The color spectrum can seem immutable — a fixed physical reality that is self-evident and unchanging. But the names we give colors in one language don’t always translate into others. And some linguists argue that our experience of reality itself is shaped by language, including: which colors get named and which names get most regularly used. How might an Italian see “cyan” (a greenish-blue), for instance, as compared to a French person to whom it’s just another shade of “blue?” Or in less philosophical and more concrete terms: how did Japanese stoplights end up being a kind of in-between “bleen?”
“Historically, there has been significant overlap in the Japanese language as it pertains to green (midori) and blue (ao),” explains author Allan Richarz. “Blue—one of the four traditional colors originally established in the Japanese language along with red, black and white—historically encompassed items that other cultures would describe as green,” resulting in a kind of “grue” or “bleen.” Objects (e.g. apples) or persons (e.g. novices) that would be “green” in English are referred to in Japanese as being “blue” instead — and this includes traffic lights.
In most of the world, red means stop, orange means caution and green means go. But Japan is notably not a signatory of the Vienna Convention on Road Signs and Signals standardizing such things. Instead, Japanese stoplights (whether greenish blue or bluish green) have been called “blue” in official documents for nearly 100 years. Color vision tests for drivers even use red, yellow and blue. Over time, linguists and urbanists raised questions: should lights be made blue as their description suggests, or should they be accurately called green?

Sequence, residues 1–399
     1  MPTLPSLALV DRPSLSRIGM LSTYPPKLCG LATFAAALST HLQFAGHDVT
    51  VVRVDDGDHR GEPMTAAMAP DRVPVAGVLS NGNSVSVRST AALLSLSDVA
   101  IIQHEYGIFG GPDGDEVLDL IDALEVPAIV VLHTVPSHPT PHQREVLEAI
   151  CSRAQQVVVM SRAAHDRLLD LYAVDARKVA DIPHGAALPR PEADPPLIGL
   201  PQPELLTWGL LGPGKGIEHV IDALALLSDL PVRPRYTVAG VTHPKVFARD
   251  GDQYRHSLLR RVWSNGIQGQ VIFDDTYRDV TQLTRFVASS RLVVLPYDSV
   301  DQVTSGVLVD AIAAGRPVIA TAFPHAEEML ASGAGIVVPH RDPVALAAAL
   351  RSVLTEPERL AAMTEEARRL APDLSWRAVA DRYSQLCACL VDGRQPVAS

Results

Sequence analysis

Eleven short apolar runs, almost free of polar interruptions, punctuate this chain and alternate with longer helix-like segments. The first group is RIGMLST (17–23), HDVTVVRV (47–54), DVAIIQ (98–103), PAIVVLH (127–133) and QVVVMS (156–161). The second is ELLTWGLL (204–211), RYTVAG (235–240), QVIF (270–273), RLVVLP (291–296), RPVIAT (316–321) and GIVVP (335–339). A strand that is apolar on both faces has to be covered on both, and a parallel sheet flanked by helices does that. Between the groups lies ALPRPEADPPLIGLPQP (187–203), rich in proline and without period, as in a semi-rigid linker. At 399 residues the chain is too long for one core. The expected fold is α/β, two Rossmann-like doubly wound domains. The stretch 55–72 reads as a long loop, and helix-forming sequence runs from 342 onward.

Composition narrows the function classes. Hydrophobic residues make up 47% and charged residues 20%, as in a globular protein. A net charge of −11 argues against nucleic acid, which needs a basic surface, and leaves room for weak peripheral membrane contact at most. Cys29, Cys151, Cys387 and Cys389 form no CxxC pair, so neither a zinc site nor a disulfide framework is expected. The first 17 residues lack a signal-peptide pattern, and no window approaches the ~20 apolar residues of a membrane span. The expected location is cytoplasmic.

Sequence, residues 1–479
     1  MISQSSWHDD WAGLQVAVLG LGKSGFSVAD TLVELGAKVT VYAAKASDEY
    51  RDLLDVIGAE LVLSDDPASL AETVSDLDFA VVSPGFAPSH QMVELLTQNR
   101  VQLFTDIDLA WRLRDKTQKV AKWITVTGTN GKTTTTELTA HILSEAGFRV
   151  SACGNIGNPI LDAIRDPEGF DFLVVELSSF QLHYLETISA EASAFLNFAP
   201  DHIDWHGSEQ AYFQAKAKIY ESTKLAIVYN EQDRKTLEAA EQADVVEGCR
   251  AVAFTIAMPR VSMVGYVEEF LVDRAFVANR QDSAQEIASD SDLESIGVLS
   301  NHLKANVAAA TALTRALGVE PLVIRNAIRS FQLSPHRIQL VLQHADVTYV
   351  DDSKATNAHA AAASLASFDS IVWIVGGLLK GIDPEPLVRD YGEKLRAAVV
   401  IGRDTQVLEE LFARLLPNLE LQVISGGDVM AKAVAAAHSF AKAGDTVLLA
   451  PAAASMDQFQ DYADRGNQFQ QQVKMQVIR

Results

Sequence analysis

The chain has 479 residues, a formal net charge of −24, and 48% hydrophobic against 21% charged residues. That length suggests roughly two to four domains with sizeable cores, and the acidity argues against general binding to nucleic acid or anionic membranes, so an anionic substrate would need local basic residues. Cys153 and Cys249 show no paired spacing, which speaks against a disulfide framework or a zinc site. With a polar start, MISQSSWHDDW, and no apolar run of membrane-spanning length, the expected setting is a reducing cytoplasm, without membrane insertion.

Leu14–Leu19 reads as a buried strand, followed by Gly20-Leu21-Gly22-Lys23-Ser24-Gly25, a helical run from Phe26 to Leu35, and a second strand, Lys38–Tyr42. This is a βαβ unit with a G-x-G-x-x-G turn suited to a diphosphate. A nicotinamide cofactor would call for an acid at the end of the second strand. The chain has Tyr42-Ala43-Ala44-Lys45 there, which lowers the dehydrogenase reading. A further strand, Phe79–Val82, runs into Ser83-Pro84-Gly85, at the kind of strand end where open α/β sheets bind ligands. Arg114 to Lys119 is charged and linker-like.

“Ultimately,” writes Richarz, “a novel solution was employed. In 1973, the government mandated through a cabinet order that traffic lights use the bluest shade of green possible—still technically green, but noticeably blue enough to justifiably continue using the ao [(blue)] nomenclature. While modern Japanese allows for a clear delineation between blue and green, the concept of blue still encompassing shades of green still remains firmly rooted in Japanese culture and language.”
And Japan is not alone, either generally (in terms of dividing up colors differently) or specifically (with regards to the historical conflation of green and blue). The role of “grue” in particular is a commonly studied phenomenon by linguists across various languages.
Even beyond bleen and grue, though, where humans draw the line on a wheel of hues is ultimately a subjective choice, not an objective given. This is easy to see, for instance, with examples of lighter and darker shades of a color. To put it in perspective for English speakers: Russian has two different words for “light blue” and “dark blue,” while in English “light red” is “pink.” Whether or not these distinctions fundamentally shape our experience of reality will no doubt continue to be debated by philosophers and linguists for many years to come.